Cubs sign Jackson to four-year, $52 million deal
This one falls as one of the more difficult ones to swallow in the Epstein era. If you look at the Baseball-Reference page of Edwin Jackson, it’s a long list of teams and jersey numbers. Jackson had never shown enough to convince any other team to sign him to a long-term deal. But the Cubs turned out to be the ones to fall for it.
The thought was that Jackson could be an innings-eater, helping to anchor the staff. Jackson had been around or over 200 innings pitched each year since 2008, so that plan made sense. The team also thought that as they improved, Jackson would be there to assume his place near the top of the rotation as they “turned the corner”. He turned out to be none of those things, except very, very costly.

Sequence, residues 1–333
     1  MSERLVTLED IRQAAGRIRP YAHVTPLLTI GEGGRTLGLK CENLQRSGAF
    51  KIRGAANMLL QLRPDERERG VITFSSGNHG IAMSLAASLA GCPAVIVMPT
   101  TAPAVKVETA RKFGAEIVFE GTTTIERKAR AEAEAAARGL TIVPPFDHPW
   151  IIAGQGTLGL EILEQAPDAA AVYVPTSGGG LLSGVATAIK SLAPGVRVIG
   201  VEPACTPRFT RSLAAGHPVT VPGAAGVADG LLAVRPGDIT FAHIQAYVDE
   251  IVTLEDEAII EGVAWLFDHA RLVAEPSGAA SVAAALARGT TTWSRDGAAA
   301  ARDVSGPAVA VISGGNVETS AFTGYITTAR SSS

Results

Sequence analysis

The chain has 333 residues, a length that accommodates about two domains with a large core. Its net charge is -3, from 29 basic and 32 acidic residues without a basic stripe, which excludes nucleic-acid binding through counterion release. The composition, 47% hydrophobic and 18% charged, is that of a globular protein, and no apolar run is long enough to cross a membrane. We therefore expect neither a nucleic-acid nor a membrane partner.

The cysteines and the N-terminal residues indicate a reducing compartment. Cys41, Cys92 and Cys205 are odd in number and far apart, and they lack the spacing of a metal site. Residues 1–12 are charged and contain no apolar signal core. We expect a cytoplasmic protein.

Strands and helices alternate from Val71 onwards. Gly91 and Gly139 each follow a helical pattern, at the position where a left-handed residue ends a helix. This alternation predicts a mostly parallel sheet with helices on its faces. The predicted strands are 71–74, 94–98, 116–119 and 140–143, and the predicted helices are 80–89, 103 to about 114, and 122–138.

In his first two seasons, Jackson went 14-33 with a 5.58 ERA. I see no reason to go into deeper metrics because none of those are any better. Jackson was horrible. But unlike Stewart, the Cubs didn’t seem to know what to do with him. And unfortunately, losing 33 games in two seasons doesn’t attract a lot of suitors for a trade.
In 2015, Jackson was moved to the bullpen and seemed to have gotten back on track. In 31 innings pitched he posted a 3.19 ERA with the Cubs. But that July Epstein finally pulled the plug on the E-Jax experiment, releasing him. The Braves picked him up–on the Cubs tab, mind you–and pitched well for them the rest of that season. He’s had a stint with the Marlins and the Padres but is currently a free agent this winter.